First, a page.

The third annual LiterAsian Festival celebrates and nurtures Pacific Rim Asian writers.
This year features Vancouver born writer and UBC alum, Christina Park and her book, The Homes We Build On Ashes. The novel focuses on Korea’s colonial history with Japan, forced Japanese assimilation, the Busan Fire of 1953 and the challenges of immigration.
Park believes motivation drives inspiration. As such, her work draws on personal experiences as well as historical events for inspiration. She steadily and poignantly depicts the capacity for women to be resilient in times of hardships and dramatic changes in life.
The Homes We Build On Ashes follows the story of Nara Lee during Korea’s colonization in the early 20th century. The relationship between Korea and Japan is one marred with brutality and abuse. This subject is intricately woven into the story to provide more insight on the condition for women at that period in time.
Park’s intention was to capture the situation of "Comfort Women" and the psychological and physical trauma they endured. Comfort Women were young women and girls who were forced into sex slavery by the Imperial Japanese Army during Japan’s occupation of Korea. Park lends her work to the feminist ideal by aiming to change the meaning behind this label which has caused women more pain than actual comfort.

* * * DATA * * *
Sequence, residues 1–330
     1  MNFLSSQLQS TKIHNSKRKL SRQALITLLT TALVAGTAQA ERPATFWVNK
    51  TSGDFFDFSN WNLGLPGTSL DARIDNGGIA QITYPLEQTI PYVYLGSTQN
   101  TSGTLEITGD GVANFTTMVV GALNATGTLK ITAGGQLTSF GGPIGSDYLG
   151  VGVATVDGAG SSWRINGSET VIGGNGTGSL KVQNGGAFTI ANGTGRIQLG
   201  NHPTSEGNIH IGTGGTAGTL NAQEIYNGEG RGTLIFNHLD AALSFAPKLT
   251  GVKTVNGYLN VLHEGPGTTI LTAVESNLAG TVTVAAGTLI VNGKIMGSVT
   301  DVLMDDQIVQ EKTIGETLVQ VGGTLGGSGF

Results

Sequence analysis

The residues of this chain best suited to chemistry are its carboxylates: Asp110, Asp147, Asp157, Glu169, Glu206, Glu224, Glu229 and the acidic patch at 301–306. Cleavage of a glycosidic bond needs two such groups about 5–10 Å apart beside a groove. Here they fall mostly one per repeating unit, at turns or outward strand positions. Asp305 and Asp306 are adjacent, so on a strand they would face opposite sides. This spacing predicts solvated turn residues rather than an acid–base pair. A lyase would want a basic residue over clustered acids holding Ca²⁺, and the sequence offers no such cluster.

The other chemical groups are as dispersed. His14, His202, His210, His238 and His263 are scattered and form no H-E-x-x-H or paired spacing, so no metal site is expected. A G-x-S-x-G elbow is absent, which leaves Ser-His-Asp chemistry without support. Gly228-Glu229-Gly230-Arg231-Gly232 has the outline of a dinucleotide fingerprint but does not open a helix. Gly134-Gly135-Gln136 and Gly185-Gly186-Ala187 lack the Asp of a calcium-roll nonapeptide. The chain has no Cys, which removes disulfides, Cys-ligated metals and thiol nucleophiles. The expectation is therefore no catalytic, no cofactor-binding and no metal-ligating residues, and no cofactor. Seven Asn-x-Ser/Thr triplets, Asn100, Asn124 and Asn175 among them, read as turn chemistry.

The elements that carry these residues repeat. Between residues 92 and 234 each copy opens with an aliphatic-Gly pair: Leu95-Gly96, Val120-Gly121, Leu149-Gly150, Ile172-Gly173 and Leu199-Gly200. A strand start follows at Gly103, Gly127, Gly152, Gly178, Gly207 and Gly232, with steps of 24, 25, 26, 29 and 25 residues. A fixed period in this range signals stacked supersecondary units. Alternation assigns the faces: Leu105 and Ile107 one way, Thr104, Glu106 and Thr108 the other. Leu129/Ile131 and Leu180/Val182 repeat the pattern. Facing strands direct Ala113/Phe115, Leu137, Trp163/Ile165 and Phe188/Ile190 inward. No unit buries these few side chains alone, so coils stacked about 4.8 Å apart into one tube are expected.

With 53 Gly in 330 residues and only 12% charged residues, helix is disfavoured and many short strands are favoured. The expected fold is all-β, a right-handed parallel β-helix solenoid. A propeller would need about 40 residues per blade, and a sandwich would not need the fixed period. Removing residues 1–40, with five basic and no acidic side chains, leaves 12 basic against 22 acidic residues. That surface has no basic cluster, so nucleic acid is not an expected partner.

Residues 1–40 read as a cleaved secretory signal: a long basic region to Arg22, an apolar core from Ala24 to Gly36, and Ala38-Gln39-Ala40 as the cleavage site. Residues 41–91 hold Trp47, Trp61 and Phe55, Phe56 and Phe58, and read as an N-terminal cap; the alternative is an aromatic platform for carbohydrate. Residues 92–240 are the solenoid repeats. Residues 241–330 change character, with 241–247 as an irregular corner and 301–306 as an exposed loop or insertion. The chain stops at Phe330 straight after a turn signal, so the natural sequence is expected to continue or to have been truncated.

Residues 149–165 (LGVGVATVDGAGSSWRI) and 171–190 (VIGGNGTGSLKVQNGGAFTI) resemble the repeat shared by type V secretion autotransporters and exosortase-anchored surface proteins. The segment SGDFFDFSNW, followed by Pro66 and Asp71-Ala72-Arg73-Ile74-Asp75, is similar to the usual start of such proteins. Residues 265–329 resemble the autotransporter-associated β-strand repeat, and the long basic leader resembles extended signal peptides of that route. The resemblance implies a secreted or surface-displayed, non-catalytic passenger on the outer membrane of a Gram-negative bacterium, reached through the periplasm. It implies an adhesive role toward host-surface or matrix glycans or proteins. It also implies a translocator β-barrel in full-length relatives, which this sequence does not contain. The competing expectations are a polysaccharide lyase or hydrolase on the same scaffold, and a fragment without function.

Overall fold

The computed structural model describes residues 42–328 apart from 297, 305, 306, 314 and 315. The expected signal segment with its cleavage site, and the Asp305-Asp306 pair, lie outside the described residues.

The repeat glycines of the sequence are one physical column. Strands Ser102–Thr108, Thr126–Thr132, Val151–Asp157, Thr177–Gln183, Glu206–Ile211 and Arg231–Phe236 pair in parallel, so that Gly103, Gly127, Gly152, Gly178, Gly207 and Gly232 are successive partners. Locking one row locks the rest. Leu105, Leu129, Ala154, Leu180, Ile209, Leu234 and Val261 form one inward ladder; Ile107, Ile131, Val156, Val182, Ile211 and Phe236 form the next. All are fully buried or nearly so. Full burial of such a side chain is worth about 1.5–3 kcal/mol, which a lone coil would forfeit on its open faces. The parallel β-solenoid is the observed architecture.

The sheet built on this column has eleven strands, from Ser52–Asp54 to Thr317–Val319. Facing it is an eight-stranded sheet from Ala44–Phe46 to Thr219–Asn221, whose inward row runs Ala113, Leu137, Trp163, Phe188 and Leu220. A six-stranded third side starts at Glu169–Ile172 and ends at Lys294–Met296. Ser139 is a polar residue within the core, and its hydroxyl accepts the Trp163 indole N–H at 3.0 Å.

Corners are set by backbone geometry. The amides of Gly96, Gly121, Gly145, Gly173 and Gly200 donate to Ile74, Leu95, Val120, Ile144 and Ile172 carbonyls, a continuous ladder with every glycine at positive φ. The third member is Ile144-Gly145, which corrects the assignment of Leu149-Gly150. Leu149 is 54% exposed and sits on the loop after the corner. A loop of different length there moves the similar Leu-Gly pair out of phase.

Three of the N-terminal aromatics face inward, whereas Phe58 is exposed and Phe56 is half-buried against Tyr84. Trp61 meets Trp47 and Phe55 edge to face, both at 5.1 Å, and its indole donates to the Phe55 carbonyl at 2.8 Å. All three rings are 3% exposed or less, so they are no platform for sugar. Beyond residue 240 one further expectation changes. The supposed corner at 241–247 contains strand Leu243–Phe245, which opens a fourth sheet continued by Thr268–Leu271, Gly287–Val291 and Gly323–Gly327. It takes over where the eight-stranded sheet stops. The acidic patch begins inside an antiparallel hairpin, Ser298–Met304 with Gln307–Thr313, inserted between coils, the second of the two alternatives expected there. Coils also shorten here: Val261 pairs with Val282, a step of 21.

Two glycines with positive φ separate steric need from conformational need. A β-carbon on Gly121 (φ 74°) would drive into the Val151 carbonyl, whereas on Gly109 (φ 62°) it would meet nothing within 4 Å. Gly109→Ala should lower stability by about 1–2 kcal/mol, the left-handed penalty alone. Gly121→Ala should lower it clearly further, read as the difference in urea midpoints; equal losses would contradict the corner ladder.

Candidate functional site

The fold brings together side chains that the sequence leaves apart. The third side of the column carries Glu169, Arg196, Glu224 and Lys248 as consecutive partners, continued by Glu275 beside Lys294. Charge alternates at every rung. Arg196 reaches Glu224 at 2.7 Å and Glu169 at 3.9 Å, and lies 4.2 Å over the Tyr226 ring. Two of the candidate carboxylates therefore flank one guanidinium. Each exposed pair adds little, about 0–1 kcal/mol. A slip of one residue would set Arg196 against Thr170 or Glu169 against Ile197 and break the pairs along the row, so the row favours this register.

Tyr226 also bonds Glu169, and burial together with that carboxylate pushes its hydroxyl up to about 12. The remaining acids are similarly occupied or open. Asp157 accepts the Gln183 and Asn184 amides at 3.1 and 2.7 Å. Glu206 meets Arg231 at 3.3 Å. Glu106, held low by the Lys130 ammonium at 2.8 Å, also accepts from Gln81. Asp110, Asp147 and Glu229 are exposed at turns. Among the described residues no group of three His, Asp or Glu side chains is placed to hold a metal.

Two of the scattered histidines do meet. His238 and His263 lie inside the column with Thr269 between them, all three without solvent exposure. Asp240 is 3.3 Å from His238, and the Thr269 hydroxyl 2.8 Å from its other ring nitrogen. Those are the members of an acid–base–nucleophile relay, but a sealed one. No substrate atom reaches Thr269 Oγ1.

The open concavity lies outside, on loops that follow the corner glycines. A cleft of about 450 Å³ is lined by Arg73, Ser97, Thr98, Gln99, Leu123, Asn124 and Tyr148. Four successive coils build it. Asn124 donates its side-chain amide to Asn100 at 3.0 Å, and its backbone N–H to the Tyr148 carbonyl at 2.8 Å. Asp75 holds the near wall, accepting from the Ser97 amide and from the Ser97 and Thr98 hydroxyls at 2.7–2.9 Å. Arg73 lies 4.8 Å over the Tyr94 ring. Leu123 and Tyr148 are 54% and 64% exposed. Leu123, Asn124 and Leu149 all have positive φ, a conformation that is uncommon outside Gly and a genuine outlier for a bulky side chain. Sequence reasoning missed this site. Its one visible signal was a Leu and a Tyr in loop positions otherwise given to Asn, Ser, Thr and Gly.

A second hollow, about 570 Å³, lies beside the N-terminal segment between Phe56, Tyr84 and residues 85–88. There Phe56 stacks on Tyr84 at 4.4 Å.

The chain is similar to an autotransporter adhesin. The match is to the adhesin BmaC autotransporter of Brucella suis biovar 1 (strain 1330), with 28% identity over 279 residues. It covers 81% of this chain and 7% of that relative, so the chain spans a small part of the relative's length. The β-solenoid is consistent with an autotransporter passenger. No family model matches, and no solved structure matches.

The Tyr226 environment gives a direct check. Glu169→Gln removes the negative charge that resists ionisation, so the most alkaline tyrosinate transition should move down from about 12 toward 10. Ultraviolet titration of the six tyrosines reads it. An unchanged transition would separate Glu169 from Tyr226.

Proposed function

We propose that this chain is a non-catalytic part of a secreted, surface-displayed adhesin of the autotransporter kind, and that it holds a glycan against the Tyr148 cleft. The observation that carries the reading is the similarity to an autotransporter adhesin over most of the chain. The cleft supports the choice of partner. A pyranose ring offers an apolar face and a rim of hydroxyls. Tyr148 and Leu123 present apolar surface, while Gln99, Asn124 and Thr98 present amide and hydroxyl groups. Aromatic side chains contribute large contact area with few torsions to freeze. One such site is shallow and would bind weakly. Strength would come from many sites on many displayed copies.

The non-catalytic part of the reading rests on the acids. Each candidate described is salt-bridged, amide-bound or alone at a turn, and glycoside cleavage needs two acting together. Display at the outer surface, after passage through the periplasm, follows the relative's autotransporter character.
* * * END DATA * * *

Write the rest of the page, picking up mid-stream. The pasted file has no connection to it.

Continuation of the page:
Nara Lee’s journey takes her from abject injustice and violence to emancipation and eventually rehabilitation in Vancouver. There, she has the chance to find herself once again after enduring years of oppression and suffering.
Issues regarding assimilation and occupation are painful topics many societies can relate to — it's part of what gives Park’s work its edge. It demands that readers confront the bitter truths about the experiences of immigrants, from culture shock to change in scenery.
At its core lies a deep appreciation for societies, such as the one in Vancouver, that are willing to embrace immigrants without proposing that they abandon their culture and take up the new. Park has conducted arduous historical research giving the story credibility, the benefit of hindsight and a critical view on the historical past despite it being pure fiction.
Christina Park, with The Homes We Build On Ashes, hopes to celebrate the human story of survival and resilience. It compels us to reflect and appreciate our stories rather than forget them. Her story invites the notion of forgiveness and urges us to utilize the past to educate ourselves in the present.